Today, the ultra-affluent enclave of Palm Beach has other top-drawer mega-resorts to be sure, but the 140-acre Breakers was the first to envision Florida’s then wild and alligator-infested swamplands as the playground destination of choice for the North’s most socially prominent families.
Rebuilt after a fire in 1926, it is possibly the most remarkable beachfront hotel on the eastern seaboard, having secured its priceless sliver of real estate way back when competition was nonexistent. A heroic $145-million lily-gilding renovation has recently put it back on the map.
Vaulted ceilings, frescoes, Venetian chandeliers, 15th-century Flemish tapestries, and a friendly, snap-to staff of 1,300 combine with a cool Floridian palette of sea foam greens, aqua, and seashell pinks to create the ultimate warm-weather resort. Gorgeously manicured, fountain-splashed grounds are shaded by more than 3,000 regal palms (representing thirty species) and include two 18-hole golf courses (one of which was Florida’s first) and twenty-one Har-Tru tennis courts.
Meandering pathways lead down to a half-mile of private beach, the breezy location of the hotel’s Beach Club and Mediterranean-style 20,000-square foot indoor/outdoor spa.
Still the pacesetter for theme parks around the globe, the brainchild of entertainment giant and genius animator Walt Disney is an ever-expanding universe of make-believe and escapism, celebrating magic, technology, nature, and, of course, Mickey Mouse. In the 30-plus years since it opened its doors, the 30,000-acre former cow pasture has developed into four distinct main theme parks, each of which nurtures its own personality.
The Magic Kingdom (opened in 1971), the lighthearted fantasy world that revolves around Cinderella’s Castle, is home to two of Disney World’s most famous (and very different) attractions: It’s a Small World and Space Mountain. Epcot (1982), the Experimental Prototype Community of Tomorrow, is an educational theme park where thrills are mostly of the mind, with attractions such as the very popular Spaceship Earth. At Disney-MGM Studios (1989), visitors walk right onto a “Hollywood that never was and always will be” movie set that blends nostalgia with high-tech wonders (don’t miss the Twilight Zone Tower of Terror).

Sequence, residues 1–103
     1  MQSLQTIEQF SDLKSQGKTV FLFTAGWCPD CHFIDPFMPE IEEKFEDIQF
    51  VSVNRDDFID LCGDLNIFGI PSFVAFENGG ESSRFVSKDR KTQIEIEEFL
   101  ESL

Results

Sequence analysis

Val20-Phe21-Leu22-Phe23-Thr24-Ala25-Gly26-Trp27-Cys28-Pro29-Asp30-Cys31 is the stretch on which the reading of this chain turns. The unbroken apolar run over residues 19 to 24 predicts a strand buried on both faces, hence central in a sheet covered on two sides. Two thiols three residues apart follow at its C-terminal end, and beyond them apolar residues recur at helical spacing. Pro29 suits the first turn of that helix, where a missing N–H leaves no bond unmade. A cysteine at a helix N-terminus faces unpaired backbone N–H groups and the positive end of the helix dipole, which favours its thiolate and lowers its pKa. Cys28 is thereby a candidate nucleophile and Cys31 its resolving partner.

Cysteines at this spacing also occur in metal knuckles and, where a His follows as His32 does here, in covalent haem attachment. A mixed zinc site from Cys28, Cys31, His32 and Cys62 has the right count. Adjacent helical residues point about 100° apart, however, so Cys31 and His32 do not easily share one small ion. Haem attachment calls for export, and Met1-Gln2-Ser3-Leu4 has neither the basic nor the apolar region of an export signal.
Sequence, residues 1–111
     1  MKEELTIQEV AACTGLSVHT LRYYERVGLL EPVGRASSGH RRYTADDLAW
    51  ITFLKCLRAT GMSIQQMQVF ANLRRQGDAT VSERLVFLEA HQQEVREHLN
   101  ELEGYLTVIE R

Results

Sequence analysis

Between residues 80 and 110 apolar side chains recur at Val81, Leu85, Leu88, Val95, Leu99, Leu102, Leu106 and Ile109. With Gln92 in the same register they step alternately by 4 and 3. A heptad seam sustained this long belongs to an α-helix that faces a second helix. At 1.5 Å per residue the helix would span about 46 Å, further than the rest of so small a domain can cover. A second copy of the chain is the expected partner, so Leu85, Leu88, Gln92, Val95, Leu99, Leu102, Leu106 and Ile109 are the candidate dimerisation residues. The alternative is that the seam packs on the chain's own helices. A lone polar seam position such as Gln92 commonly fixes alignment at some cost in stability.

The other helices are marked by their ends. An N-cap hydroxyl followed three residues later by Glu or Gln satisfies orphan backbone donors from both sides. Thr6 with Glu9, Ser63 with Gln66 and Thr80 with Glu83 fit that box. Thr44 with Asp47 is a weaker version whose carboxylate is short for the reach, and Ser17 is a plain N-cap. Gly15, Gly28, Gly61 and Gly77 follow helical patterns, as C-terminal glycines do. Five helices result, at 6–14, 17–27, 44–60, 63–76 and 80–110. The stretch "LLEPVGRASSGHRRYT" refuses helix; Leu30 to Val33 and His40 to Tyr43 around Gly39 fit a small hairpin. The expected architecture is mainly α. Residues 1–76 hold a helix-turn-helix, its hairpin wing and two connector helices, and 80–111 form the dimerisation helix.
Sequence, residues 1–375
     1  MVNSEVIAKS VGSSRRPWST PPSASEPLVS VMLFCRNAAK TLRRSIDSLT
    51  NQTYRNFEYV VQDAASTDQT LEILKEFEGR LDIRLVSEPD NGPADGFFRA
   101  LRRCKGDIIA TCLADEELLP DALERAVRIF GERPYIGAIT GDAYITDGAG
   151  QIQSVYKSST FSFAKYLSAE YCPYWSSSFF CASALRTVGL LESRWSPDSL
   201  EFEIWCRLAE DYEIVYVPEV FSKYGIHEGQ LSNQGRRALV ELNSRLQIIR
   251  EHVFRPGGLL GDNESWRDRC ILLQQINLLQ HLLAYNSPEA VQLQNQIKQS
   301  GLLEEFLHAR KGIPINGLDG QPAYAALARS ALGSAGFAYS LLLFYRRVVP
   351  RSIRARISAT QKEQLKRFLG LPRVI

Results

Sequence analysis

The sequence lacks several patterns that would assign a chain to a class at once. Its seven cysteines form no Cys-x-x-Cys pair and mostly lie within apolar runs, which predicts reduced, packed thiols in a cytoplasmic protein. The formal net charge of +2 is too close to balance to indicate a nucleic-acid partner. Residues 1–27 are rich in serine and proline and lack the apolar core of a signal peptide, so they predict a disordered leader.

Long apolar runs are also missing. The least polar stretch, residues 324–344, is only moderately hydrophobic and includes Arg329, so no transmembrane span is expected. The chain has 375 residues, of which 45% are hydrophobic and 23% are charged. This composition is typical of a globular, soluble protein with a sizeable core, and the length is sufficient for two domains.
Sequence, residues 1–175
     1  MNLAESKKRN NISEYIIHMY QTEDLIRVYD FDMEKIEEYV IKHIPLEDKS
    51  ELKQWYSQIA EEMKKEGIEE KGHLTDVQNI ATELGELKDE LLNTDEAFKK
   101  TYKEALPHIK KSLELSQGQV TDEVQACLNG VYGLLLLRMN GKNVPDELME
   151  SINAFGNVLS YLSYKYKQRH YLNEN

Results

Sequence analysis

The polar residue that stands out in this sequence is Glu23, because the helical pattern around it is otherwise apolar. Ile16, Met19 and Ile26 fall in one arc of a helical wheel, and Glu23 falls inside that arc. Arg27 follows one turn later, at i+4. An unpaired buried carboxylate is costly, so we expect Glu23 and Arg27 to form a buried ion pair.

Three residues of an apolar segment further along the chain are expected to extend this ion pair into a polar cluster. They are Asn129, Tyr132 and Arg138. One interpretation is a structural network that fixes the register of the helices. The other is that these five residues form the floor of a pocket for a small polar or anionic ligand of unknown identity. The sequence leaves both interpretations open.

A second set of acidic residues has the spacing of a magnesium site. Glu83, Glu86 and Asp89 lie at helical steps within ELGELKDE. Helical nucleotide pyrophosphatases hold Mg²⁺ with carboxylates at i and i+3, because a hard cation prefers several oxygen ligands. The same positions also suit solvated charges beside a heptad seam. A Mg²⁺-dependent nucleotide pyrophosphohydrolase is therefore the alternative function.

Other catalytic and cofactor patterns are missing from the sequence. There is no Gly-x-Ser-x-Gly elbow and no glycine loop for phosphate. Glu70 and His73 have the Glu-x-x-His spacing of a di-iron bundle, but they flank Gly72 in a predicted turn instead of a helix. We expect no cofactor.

The 500-acre Disney’s Animal Kingdom (1998) is Disney World’s largest and newest theme park, with more than 1,000 animals (from giraffes to lions) roaming in a natural, Serengeti-like setting. Three themed water parks fill out the Worldly options.
There are countless less expensive (and less fantastical) hotel options in the Orlando area, but make the magic last by staying in one of the Disney-owned and-run hotel/resorts. The benefits are numerous, including sheer logistics:They’re close to the principal attractions and are linked by complimentary boats, buses, or monorail.
Of Disney’s luxury options, the re-created gabled vintage of the Victorian-style Disney’s Grand Floridian Resort and Spa is one of the most elegant and least contemporary in atmosphere, evoking the breezy days of a turn-of-the-century summer resort.
Sometimes called the “Hearst Castle of the East,” the Italian Renaissance-style Villa Vizcaya was completed in 1916 as the extravagant wintertime retreat of Chicago industrialist James Deering, known for his deep pockets and keen European sensibility.
A thousand continental artisans labored for five years to create the estate and its world-famous bay-front gardens in then-undeveloped Miami (whose population at the time was less than 10,000), incorporating a rich collection of antique doors, gates, paneling, ceilings, fireplaces, and decorative arts brought home from Europe by the owner and his architects.
Deerings’ fascination with 15th-through 18th-century art and architecture is obvious in every detail of the lavish mansion, forty-two of whose seventy rooms are open to the public. It’s a remarkable paean to late Renaissance architecture, authentic enough to convince visitors that it’s been standing here overlooking Biscayne Bay for 400 years.